Ganguly backing for Cook
England captain Alastair Cook has found an unlikely supporter in former India skipper Sourav Ganguly, who believes the rest of the squad have failed to back their leader up when required.
- Related Content
Cook's leadership has been widely criticised by those outside the England camp, with former captains Michael Vaughan and Michael Atherton calling for him to relinquish the role.
Things have not gone Cook's way this summer, including with the bat, and matters came to a head following their 95-run loss to India in the second Test at Lord's - England's 10th Test without a win.
However, the 29-year-old has retained his place in the team, announced on Tuesday, and the backing of coach Peter Moores ahead of the third Test, with Ganguly loathe to see a fellow captain shown the door.
The left-hander, who scored a century on his Test debut at Lord's, told the Times of India: "It might just be a blessing in disguise if captaincy is taken away from him but I am never a supporter of a captain being asked to leave.
"I don't know what will happen to his future as captain but the English selectors will be horrified at the thought of losing Cook the batsman.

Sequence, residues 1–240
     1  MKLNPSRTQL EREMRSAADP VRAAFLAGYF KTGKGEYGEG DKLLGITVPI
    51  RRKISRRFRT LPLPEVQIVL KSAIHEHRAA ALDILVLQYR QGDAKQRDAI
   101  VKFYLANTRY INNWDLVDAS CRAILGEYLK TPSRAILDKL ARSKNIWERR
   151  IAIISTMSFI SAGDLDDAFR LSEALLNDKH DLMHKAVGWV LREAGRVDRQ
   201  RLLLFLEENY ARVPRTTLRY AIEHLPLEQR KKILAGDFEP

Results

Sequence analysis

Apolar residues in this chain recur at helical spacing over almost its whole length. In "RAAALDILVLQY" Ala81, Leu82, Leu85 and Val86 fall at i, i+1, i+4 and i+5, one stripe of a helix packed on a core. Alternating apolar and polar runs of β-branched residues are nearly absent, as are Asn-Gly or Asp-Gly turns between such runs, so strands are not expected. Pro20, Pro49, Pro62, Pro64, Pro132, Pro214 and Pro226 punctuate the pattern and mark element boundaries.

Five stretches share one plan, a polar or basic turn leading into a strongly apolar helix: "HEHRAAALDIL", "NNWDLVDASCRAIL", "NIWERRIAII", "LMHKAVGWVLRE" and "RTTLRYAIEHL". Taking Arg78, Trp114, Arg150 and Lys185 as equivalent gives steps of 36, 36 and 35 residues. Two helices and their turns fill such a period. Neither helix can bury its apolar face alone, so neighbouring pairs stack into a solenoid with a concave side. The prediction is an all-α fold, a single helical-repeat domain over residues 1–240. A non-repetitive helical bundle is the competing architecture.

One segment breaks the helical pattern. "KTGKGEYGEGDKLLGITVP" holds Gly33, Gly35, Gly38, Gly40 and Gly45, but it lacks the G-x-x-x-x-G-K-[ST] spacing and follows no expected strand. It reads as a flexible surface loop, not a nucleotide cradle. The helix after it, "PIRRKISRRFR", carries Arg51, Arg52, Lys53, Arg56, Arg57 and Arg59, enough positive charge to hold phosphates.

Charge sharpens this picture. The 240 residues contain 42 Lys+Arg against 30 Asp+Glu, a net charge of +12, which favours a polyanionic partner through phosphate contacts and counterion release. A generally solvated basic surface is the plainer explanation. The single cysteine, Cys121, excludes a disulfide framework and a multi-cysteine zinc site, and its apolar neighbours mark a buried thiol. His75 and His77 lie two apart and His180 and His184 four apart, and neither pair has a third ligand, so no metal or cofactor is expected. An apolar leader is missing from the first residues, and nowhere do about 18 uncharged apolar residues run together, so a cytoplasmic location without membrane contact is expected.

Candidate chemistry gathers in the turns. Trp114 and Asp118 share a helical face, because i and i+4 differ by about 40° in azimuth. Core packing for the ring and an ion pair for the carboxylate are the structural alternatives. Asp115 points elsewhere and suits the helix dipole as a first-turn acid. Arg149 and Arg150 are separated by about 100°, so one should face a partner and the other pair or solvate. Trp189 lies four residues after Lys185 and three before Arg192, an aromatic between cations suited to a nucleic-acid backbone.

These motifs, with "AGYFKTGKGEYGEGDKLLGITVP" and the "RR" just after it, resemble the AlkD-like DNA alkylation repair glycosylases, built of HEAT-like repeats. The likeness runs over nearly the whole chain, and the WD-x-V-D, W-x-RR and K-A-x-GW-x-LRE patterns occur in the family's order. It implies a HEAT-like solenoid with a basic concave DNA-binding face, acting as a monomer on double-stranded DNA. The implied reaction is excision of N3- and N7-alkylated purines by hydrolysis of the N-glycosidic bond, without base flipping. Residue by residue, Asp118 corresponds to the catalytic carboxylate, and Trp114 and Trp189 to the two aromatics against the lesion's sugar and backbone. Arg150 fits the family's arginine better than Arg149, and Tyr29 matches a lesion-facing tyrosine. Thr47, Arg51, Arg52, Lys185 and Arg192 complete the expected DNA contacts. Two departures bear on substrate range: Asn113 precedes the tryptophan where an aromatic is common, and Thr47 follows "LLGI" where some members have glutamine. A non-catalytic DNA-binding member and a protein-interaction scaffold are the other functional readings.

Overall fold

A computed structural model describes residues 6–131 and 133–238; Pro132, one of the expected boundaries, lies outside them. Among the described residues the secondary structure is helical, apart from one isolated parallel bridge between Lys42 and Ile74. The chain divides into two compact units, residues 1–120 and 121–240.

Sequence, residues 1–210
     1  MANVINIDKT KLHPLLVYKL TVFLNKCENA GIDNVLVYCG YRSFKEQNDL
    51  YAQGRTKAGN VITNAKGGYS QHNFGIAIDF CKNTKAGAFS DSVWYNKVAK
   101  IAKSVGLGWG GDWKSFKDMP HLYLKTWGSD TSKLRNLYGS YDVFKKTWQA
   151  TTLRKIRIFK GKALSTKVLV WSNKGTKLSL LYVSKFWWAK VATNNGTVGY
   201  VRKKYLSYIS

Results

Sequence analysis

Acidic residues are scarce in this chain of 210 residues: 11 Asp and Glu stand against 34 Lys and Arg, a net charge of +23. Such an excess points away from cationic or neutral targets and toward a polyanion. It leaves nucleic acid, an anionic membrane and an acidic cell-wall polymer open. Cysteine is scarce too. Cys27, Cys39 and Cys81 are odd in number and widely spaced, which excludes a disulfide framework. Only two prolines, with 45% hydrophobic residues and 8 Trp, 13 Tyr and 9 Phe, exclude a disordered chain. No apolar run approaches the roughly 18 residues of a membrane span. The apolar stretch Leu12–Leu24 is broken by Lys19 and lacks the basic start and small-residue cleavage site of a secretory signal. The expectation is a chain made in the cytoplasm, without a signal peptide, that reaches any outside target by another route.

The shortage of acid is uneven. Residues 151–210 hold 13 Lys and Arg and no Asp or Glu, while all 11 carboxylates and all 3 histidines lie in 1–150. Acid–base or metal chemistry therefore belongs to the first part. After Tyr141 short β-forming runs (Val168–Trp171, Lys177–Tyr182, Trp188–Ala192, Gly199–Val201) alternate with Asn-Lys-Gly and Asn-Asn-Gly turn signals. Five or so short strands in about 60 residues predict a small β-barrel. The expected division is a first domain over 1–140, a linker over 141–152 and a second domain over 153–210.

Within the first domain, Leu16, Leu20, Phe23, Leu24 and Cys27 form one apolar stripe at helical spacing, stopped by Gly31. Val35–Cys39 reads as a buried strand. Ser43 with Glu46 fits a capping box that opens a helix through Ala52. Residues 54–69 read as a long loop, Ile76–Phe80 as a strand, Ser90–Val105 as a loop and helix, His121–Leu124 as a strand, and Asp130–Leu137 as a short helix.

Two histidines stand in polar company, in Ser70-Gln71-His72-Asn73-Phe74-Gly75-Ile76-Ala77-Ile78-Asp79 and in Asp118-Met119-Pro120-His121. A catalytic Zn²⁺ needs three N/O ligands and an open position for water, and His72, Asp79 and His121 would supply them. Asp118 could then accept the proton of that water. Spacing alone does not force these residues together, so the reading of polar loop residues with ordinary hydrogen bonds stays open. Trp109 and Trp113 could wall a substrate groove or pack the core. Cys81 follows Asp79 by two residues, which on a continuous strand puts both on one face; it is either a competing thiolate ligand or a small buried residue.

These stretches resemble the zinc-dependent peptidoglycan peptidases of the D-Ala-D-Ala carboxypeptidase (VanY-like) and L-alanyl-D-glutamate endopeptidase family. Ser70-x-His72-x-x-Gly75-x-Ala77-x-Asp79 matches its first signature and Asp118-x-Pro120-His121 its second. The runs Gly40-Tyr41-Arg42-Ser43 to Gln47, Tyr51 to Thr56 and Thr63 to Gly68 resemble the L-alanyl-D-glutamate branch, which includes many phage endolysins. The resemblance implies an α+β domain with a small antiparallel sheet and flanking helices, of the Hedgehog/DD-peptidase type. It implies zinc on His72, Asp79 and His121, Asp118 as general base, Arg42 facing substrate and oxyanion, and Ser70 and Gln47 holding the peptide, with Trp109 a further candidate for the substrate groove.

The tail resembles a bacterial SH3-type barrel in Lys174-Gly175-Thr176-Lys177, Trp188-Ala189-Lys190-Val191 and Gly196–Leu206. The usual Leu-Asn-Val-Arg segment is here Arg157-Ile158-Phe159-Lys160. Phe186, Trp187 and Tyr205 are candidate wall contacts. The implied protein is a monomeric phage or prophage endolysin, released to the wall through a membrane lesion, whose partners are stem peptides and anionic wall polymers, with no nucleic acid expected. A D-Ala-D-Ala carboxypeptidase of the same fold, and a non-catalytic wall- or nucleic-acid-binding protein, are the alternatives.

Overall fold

"The selectors must also realise that a captain is as good as his team and they should focus on picking match-winners even if they may not have buckets of runs in county cricket.
"Team selection is a lot more than choosing good boys and yes men. It's about flair, guts and creating winning situations for the team. In this England team, I see no one other than Ian Bell capable of doing that."
Cook has maintained he is keen to see through the challenges of the so-called new era, which followed their Ashes defeat in Australia.
And Ganguly, who himself steered India through a few lean periods and had a much-publicised rift with former coach Greg Chappell, feels it will be a while before the changes yield rewards, adding: "Where does England go from here?
"They panicked after the Ashes and I just get a feeling that English cricket decisions depend on Ashes and that is so wrong. Yes, they were ordinary in Australia but some of the radical changes they have made will hurt them for a while now."